U.S. stocks were higher on Monday, with the S&P 500 (SNPINDEX:^GSPC) and the Dow Jones Industrial Average (DJINDICES:^DJI) (DJINDICES: $INDU) up 0.49% and 0.64%, respectively, at 4:05 p.m. EDT.

3 graphs that show the risk of recession is genuine

JPMorgan Chase is sounding the alarm bell on recession risk. In the wake of a disappointing employment report for May, JPMorgan U.S. economist Jesse Edgerton wrote:

Our preferred macroeconomic indicator of the probability that a recession begins within 12 months has moved up from 30% on May 5 to 34% last week to 36% today. This marks the second consecutive week that the tracker has reached a new high for the expansion.

JPMorgan's "preferred macroeconomic indicator" (blue line in the graph below) aggregates a composite of near-term indicators (yellow line) and a medium-term recession risk model (termed "background risk"). The graph below suggests it has had some success in predicting recessions (when it was backtested, at any rate):

Image source: JPMorgan Chase.

(Note however, that at the start of 1999, the indicator was at the same level it is now, yet a recession was more than two years away -- it started in March 2001. The grey horizontal bars represent recessions.)

Still, JPMorgan's report acknowledges that the risk of recession based on a very popular indicator -- the shape of the yield curve -- is low: 9%, by its estimate.

Analysts and economists look at the spread between long rates and short rates -- typically the 10-year Treasury note yield and the three-month Treasury bill yield. When long rates fall below short rates, that spread becomes negative, and the yield curve is said to be "inverted." An inverted yield curve is thought to be a strong indicator of an imminent recession.

Indeed, the spread turned negative prior to the last seven recessions (including the 1990-1991 recession, though the negative spread doesn't show up in the graph, which only displays monthly values):

As of last Thursday, the spread was 1.52 percentage points -- comfortably positive and near the middle of its historical range. Of course, these are far from normal times, and the three-month Treasury bill rate is very far from its normal range. As the following graph shows, it's been 12 recessions since we last saw the bill rate at these levels -- you need to go back (roughly) to the Japanese attack on Pearl Harbor:

With the three-month rate barely above zero, it's difficult to imagine the 10-year yield dipping below it, so it's reasonable to ask whether this indicator is still functioning in a zero-interest rate world. Indeed, the the last time the three-month rate was at or near current levels, the yield spread failed predict the recessions of 1937-38 and 1945 (it came nowhere close to negative -- in fact, it was consistently higher than it is today).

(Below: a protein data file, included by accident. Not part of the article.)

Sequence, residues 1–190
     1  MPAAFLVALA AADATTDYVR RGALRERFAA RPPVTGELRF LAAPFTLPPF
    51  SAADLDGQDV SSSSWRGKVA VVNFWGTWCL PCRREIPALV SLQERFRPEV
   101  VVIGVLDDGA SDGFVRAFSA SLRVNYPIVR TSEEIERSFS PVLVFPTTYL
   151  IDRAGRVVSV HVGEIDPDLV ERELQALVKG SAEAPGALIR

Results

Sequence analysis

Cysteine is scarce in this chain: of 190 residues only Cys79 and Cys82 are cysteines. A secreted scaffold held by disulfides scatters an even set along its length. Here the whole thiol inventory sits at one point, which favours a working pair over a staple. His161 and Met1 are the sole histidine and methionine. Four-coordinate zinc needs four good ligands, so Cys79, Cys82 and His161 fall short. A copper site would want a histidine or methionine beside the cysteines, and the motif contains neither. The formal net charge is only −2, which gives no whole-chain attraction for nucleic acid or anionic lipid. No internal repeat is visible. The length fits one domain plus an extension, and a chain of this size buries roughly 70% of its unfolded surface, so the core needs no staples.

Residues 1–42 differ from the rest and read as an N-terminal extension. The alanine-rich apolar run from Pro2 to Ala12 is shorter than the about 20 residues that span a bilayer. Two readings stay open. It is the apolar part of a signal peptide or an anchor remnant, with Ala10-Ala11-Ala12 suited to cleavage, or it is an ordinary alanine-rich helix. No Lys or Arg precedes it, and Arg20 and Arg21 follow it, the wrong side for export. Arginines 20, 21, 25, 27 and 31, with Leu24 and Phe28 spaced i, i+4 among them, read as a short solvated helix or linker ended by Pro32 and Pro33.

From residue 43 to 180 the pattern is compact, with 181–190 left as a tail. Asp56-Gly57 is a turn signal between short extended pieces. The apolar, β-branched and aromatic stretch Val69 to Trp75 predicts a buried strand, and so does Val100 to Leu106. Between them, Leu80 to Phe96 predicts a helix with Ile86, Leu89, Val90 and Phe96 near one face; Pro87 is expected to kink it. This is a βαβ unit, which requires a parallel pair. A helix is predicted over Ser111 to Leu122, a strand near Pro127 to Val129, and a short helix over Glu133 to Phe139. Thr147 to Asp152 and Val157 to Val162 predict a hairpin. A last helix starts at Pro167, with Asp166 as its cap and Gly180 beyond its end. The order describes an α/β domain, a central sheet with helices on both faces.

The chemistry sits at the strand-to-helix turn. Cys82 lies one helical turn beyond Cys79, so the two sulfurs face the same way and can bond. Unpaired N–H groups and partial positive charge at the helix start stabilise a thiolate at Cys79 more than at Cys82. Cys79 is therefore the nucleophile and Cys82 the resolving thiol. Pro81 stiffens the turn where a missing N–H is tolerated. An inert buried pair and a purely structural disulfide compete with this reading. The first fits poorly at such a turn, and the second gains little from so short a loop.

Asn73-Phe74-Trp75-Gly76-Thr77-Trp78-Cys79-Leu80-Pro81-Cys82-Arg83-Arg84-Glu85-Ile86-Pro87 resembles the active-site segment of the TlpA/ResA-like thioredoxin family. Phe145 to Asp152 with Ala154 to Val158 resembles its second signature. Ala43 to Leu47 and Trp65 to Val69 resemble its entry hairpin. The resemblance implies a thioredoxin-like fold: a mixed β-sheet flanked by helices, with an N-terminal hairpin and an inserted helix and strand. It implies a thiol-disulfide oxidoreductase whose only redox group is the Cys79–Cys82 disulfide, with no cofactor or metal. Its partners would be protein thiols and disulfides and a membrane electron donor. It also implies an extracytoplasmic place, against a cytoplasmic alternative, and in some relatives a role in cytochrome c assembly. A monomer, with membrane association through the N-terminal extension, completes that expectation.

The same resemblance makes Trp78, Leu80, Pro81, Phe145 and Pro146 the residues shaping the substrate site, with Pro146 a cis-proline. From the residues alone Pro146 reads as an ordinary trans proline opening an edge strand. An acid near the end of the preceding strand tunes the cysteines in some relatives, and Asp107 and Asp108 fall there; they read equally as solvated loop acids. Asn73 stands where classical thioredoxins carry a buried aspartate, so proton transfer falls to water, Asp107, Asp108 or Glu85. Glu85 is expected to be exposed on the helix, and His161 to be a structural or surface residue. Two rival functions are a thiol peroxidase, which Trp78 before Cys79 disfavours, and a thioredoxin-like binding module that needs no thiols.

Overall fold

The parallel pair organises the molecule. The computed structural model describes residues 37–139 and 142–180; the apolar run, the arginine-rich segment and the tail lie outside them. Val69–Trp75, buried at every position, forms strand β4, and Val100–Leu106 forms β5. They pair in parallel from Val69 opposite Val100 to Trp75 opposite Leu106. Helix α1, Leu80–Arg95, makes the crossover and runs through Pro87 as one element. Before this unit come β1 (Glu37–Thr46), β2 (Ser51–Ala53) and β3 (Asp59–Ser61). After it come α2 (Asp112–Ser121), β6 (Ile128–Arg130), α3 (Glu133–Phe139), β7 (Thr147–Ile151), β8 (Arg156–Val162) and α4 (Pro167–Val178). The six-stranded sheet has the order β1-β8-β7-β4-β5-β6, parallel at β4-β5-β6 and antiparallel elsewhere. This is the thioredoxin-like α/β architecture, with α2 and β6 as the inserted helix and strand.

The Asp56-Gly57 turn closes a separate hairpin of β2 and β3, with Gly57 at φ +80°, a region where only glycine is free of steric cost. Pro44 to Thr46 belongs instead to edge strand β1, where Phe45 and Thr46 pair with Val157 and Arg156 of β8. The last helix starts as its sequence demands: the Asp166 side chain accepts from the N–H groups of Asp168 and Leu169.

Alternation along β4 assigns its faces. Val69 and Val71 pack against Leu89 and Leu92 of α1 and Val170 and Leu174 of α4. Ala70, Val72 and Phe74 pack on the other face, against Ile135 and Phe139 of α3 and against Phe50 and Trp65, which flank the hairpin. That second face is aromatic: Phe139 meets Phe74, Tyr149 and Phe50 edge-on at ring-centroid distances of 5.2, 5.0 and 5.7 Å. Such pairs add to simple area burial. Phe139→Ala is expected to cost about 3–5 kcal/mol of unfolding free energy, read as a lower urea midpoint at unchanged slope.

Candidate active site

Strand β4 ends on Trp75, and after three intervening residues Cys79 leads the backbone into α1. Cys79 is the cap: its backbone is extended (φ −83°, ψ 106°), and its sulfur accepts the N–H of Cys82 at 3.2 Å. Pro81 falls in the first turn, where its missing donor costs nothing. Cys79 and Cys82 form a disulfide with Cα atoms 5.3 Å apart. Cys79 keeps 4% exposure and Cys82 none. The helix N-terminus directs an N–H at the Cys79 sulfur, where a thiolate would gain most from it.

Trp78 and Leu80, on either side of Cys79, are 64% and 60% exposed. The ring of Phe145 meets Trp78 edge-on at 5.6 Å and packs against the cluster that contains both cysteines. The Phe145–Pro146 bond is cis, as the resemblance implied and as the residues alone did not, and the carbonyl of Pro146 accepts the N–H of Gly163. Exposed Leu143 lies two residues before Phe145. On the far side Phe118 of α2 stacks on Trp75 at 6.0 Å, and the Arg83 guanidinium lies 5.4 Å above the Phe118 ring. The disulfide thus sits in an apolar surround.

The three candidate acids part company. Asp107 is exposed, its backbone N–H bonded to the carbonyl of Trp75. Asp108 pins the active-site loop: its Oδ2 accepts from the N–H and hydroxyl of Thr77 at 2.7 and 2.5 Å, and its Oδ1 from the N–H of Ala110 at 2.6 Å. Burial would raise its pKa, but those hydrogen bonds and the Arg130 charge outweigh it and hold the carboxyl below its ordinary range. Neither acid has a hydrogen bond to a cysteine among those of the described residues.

Combine that with two more observations --

  • The yield spread is currently within the bottom 5% of its range since the start of 2011.
  • Next month, the current economic expansion will enter its eighth year; it's already the third longest in recorded history after the ones in the 1990s (10 years), 1980s (seven years, eight months), and the 1960s (eight years, 10 months).

-- and it's easy enough to see why the risk of recession within the next 12 months appears to be more than an idle threat. How should long-term investors respond? Mostly with a shrug, although it could be worth considering keeping (or accumulating) a bit of dry powder in anticipation of economic uncertainty or hardship...or more attractive equity valuations.

Quote of the day

Upton Sinclair, the author, journalist and activist noted that, "[i]t is difficult to get a man to understand something, when his salary depends on his not understanding it."

Guy Moszkowski, a veteran research analyst with Autonomous Research, has updated Sinclair's adage for investment bankers. Commenting on the internal opposition Credit Suisse's new CEO, Tidjane Thiam, faces in reducing the bank's exposure to trading in favor of wealth management, Moszkowski told The New York Times:

It is never easy to tell people that whole parts of the business that have put bread on their table and bought them a second house have become uneconomic.

Bread on the table and a summer home in the Hamptons -- both vital necessities of an investment banker.

This article represents the opinion of the writer, who may disagree with the “official” recommendation position of a Motley Fool premium advisory service. We’re motley! Questioning an investing thesis -- even one of our own -- helps us all think critically about investing and make decisions that help us become smarter, happier, and richer.